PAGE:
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not the dexterity to choose the national religion whereever you are, I doubt not but that you would think so too if you were in France, though there were none but moderate penalties laid on you, to bring you, even against your own inclination, to act according to what they there call reason and sound judgment.
That paragraph and mine, to which it is an answer, run thus :
But thus you
L. II. p. 128. L. III. p. 67.
“ But it seems "I do neither you you have not done with this yet: nor the magistrate for you say, you do neither me injury when I say nor the magistrate injury, when that the power you say that the power I give the you give the ma- magistrate, of punishing men to gistrate of pu- make them consider reasons and nishing men to arguments proper and sufficient to make them consi. convince them, is to convince them der reasons and of the truth of his religion, whatarguments proper ever that be, and to bring them to and sufficient to it. Which seems a little strange convince them, is and pleasant too. to convince them prove it : "For men will never, in of the truth of his opinion, act according to reason his religion, and and sound judgment, till they emto bring them to brace his religion. it. For men will have the brow of an honest man, never, in his opi- you will not say the magistrate nion, act accord- will ever punish you, to bring you ing to reason and to consider any other reasons and sound judgment, arguments but such as are proper which is the thing to convince you of the truth of you here say men his religion, and to bring you to should be brought that. Which (besides the pleasant to by the magis- talk of such reasons and argutrate, even against ments as are proper and sufficient their own inclina. to convince men of the truth of the tion, till they em- magistrate's religion,' though it brace his religion. be a false one) is just as much as And if you have to say, It is so, because in the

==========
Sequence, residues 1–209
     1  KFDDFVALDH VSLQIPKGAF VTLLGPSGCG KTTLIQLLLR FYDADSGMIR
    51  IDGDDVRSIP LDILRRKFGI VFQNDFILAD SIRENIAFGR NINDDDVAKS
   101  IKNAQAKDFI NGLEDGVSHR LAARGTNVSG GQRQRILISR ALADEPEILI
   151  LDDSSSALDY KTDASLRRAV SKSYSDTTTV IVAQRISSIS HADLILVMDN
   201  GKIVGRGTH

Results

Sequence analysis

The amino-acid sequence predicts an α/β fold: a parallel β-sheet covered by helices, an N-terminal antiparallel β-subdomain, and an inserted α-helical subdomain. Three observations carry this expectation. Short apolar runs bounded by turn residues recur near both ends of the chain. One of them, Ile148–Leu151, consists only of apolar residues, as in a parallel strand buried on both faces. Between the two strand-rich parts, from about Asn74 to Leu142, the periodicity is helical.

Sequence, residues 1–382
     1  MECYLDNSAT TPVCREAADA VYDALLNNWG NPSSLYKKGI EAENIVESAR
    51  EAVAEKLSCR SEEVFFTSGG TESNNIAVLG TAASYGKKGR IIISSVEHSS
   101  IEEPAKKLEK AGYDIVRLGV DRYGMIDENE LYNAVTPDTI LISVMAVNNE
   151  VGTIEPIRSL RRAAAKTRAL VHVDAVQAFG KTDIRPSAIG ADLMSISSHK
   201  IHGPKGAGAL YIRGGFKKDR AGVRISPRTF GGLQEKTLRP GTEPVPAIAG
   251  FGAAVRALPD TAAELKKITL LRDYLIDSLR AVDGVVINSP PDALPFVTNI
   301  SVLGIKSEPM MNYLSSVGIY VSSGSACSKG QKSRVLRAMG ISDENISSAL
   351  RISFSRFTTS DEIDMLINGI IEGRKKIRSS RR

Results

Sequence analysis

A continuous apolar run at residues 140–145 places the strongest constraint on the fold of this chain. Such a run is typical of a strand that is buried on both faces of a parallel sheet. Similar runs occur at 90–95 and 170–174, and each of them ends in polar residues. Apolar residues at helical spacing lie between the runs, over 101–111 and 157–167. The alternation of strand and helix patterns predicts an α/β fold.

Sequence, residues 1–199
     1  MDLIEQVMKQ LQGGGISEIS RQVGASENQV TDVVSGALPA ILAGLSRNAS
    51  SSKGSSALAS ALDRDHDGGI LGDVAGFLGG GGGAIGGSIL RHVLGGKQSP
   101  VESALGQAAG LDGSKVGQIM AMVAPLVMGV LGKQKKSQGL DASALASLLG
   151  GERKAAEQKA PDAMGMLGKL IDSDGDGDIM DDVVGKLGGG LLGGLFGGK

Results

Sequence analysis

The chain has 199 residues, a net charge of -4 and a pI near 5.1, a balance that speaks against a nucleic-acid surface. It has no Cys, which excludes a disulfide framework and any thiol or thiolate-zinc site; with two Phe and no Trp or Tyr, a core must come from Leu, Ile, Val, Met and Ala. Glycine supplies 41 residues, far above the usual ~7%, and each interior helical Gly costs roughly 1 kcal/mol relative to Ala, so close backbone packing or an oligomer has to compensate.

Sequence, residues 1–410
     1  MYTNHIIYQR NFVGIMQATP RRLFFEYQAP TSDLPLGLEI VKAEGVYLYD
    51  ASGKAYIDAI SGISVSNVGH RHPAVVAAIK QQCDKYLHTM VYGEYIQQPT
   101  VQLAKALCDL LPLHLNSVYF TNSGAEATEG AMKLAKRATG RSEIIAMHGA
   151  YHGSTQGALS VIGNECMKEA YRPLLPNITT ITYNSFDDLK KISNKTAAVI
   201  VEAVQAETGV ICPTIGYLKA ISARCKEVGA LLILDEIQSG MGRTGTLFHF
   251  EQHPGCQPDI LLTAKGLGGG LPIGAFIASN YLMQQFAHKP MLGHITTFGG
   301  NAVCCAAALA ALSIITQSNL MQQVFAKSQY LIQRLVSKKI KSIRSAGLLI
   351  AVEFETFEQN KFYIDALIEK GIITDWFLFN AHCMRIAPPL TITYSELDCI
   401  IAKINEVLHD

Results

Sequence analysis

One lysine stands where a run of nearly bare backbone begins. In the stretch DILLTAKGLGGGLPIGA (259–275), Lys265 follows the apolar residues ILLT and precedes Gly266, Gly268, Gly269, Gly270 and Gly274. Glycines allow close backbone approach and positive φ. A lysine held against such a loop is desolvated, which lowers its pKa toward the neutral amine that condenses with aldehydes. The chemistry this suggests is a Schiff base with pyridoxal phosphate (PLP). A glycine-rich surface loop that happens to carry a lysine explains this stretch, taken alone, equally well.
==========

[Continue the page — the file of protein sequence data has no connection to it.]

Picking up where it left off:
And if you
the brow of an magistrate's opinion it is so; and honest man, you because it is not to be expected will not say the that he will act against his opimagistrate will nion. As if the magistrate's opiever punish you, nion could change the nature of to bring you to things, and turn a power to proconsider any other mote the true religion into a power reasons and argu- to promote a false one. No, sir, ments, but such the magistrate's opinion has no as are proper to such virtue. It may indeed keep convince you of him from exercising the power he the truth of his has to promote the true religion ; religion, and to and it may lead him to abuse the bring you to that. pretence of it to the promoting a Thus you shift for- false one: but it can neither dewards and back- stroy that power, nor make it any wards. You say, thing but what it is. And therethe magistrate has fore, whatever the magistrate's no power to pu- opinion be, his power was given nish men to com- him (as the apostles' power was to pel them to his them) for edification only, not for religion; but only destruction: and it may always be to compel them said of him (what St. Paul said of to consider rea- himself) that he can do nothing